If Sisi does not stabilize the energy and power sector, the Egyptian street’s patience will not last forever.
The Egyptian presidential election takes place between May 26-28, having been extended by one day due to low voter turnout. Former Gen. Abdel Fattah el-Sisi is poised to win by a landslide against left-wing candidate Hamdeen Sabahi.
The election comes after months of tension and violence in the aftermath of Mohammed Morsi’s ouster on July 3, 2013. Casualties on the sides of anti-coup protesters and Muslim Brotherhood supporters, and also of security forces, are in the thousands. Many Brotherhood members and secular youth activists have been imprisoned, while some have been handed extended jail sentences or even face death.
Sisi has vowed to restore stability. In a message to US President Barack Obama, the presidential candidate said: “We are fighting a war against terrorism.” Despite riding on a mass wave of support, however, Sisi’s critics accuse him of harsh human rights violations. When the former general assumes office, he will have to address many issues to please his supporters, including fixing the Egyptian economy.
Fair Observer’s Middle East Editor, Manuel Langendorf, speaks to Justin Dargin, a leading geopolitics expert. Dargin has extensive research experience in the Middle East and is the author of three books on the global energy market.
Langendorf and Dargin talk about the Egyptian presidential election, the country’s energy crisis and its potential consequences.
Manuel Langendorf: Let us talk about the Egyptian presidential election. There has been quite a build-up ahead of the vote and, having decided to resign from his military post, Abdel Fattah el-Sisi is set to win by a landslide. All this comes after a crackdown against the Muslim Brotherhood and its supporters. What is your view on the election? Should we expect any surprises from Hamdeen Sabahi?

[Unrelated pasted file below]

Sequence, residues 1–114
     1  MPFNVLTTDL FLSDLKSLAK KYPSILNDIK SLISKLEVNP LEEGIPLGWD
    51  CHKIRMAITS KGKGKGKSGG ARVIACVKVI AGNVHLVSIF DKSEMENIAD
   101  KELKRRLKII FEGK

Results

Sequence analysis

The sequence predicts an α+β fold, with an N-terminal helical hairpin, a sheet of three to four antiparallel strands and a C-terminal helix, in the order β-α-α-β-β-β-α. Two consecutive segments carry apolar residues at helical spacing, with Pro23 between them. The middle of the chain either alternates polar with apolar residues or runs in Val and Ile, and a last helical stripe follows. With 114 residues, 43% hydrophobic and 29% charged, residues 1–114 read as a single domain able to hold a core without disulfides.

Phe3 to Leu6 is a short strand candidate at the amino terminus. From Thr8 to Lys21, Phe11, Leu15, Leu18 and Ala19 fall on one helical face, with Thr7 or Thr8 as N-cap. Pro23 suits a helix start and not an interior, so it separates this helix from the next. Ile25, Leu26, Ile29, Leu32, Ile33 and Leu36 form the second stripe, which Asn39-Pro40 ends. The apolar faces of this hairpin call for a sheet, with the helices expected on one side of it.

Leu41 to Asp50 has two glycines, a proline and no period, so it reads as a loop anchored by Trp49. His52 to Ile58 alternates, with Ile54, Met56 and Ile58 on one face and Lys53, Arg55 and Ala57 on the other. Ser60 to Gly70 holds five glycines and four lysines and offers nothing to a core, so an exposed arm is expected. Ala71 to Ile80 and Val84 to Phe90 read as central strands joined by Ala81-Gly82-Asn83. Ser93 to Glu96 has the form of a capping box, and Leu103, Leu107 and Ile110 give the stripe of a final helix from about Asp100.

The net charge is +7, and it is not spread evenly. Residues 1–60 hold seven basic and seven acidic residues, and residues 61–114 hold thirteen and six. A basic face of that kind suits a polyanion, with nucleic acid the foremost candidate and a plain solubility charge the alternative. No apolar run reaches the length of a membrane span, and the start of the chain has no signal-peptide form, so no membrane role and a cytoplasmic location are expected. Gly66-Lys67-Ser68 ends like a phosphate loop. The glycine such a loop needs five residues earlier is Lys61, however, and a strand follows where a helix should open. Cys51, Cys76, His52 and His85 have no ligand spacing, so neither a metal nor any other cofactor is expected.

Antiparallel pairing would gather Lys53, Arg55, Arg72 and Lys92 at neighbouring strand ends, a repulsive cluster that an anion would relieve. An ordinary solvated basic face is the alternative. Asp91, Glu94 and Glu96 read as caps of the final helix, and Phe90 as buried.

Justin Dargin: The election will be pretty clear cut. Egyptians, at least in the urban areas, exhibited a strong desire to rid themselves of Morsi and his supporters from the organs of power. Therefore, Sisi received a mandate from the Egyptian people to try to bring order to the country after the chaotic years following the revolution. And, if we take the advance voting by Egyptians living abroad as a harbinger, Sisi holds a commanding lead over his challenger, Sabahi. In nearly every expatriate poll conducted, Sisi consistently won by a large margin over Sabahi.
However, the main issue for Sisi is not just winning the election: it is what to do the day after. It is about how to illustrate and maintain his political legitimacy, as well as stabilization of the continuing chaos in Egypt. Most of Sisi’s supporters and critics view the Egyptian presidential election as a type of referendum on Sisi’s continued rule as opposed to being a general electoral contest.
This election, therefore, seems to be somewhat in the vein of Gamal Abdul Nasser, who on June 23, 1956, held a double referendum — one to confirm him for the post of president, in what was essentially a coup that deposed King Farouk, and to approve the new constitution. And, in another similarity, prior to the referendum, Nasser launched a brutal crackdown on the Muslim Brotherhood.
But, all in all, no surprises are expected during this election.
Langendorf: How do you see the current role and situation of (youth) movements like Tamarod and April 6? The latter played a crucial role in mobilizing support against the Mubarak regime, whereas Tamarod was founded in 2013 and was pivotal in the ouster of former President Mohammed Morsi.